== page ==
The Cost of Kickstarter Rewards
Don’t let the title deceive you, this post isn’t about the cost of producing rewards. Rather, this post is about the cost of Kickstarter rewards after the backers have gotten theirs and the creator is left with a product to sell. This has proven to be a surprisingly touchy subject, and the source of more than one argument around these parts. Lets consider some recent projects, and how they’ve marketed the goods after the fact.
Peek below the fold for more.
The other day, a friend pointed out that ‘early-access’ to Wasteland 2 is available on Steam, for the low, low price (ha!) of $59.99. He felt vindicated by the price, having backed the Kickstarter, that he got a better a deal than Steam was offering–a sentiment rooted in the fact that backers often seem to be paying a premium for the “privilege” of getting in at the ground floor. I can’t say I blame him, because no one wants to feel like they got the short end of the stick–least of all if they took the risk to pledge to the project, and then wait through all the ups and downs for it to be finished.
Consider the case of Numenera. I’m a big fan of the product, but I didn’t back the project–I waited for the pdf to hit stores before I committed. After purchasing the digital edition, I was so enamored that I ordered a hardcover edition from Amazon. All told, I paid less than anyone who bought into the project at the digital/hardcover level for the same product. Though Numenera was good enough that I jumped to back the followup project, The Strange, my only hesitance was was in figuring out whether or not I’d be better off waiting for the book to hit the shelves. Fortunately for backers, Monte Cook Games did a much better job of assembling the reward tiers this go round, and it seems like project backers are going to get a much better deal than those who missed the boat.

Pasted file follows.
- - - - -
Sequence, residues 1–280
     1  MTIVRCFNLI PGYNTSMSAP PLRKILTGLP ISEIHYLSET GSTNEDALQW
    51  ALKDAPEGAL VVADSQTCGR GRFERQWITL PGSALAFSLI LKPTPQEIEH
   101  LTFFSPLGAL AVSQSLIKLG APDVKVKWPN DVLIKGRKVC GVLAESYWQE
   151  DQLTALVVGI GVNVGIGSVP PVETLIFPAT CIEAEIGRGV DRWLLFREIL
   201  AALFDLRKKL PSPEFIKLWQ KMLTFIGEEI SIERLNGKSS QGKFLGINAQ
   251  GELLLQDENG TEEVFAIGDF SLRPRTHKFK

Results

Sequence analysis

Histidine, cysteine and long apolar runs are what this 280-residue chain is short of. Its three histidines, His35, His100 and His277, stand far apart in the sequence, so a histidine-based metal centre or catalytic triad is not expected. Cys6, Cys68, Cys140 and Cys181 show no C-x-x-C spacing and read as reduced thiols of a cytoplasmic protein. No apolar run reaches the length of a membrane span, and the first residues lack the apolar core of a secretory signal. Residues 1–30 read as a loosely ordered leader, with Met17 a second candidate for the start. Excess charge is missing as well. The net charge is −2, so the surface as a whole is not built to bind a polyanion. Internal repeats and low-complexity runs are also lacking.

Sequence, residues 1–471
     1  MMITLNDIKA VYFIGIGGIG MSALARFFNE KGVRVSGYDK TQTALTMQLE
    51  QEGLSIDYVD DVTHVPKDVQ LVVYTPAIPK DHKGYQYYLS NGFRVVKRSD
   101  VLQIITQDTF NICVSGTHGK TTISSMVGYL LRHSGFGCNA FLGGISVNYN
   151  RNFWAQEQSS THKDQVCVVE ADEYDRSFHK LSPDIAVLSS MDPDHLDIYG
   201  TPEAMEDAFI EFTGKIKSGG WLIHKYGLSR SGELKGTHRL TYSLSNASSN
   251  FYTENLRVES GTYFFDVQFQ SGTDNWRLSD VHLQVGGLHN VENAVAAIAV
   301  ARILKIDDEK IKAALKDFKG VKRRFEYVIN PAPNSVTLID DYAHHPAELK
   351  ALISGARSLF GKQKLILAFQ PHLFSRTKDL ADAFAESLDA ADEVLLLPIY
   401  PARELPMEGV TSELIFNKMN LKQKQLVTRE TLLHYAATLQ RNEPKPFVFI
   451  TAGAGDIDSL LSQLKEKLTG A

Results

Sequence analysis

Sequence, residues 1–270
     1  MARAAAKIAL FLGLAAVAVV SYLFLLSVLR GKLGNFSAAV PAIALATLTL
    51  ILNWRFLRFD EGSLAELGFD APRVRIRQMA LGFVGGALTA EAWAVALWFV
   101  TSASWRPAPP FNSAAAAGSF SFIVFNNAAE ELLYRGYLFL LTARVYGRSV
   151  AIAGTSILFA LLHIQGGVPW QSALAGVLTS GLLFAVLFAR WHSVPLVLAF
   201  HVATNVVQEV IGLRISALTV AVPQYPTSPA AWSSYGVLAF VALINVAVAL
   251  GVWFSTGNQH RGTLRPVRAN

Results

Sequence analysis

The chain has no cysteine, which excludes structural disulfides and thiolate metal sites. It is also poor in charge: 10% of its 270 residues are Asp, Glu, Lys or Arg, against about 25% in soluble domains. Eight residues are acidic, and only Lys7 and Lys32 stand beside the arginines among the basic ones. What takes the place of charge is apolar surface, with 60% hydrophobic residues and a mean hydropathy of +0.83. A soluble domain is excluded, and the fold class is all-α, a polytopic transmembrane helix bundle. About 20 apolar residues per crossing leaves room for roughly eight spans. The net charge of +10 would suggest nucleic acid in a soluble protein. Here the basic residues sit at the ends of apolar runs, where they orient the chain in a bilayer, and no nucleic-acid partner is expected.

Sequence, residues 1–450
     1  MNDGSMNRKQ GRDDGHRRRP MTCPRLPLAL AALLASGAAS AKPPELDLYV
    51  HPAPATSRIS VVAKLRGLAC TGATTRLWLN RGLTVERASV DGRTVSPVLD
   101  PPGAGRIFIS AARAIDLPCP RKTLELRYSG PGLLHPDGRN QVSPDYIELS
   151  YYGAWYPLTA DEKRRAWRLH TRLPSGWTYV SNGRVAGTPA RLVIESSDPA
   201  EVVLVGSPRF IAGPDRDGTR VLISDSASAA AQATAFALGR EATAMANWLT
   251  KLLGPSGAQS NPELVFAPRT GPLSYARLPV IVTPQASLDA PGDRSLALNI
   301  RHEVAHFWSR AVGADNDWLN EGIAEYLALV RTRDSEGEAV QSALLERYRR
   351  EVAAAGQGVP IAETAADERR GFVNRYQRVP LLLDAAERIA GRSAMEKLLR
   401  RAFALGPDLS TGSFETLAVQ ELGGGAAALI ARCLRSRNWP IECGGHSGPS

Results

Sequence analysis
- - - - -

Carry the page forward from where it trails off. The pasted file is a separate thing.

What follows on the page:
David has made a number of posts about Queen Game’s practices on Kickstarter. They’re among the worst offenders in my opinion, as backers typically pay MSRP for a product they could’ve gotten on Amazon at 30% off (or purchased at their FLGS and supported a local business). Now, I don’t mean to suggest that project creators need to cut their throats to give backers a deal, but I do think that projects that are destined to be productized (i.e. not exclusive to Kickstarter) should give backers some additional value to acknowledge their special role in the creator’s value chain. Otherwise, whats the point?
For my part, as I back more projects that become products on store shelves, its becoming harder to maintain the distinction that I’m not preordering a product. I just don’t want to compound the risk inherent in being a backer by paying more than if I waited to buy something on Amazon… What say you?
Hm… I think backers should get a product for less, Chris, or at least get exclusive elements or other freebies, even if the main product isn’t discounted. or both.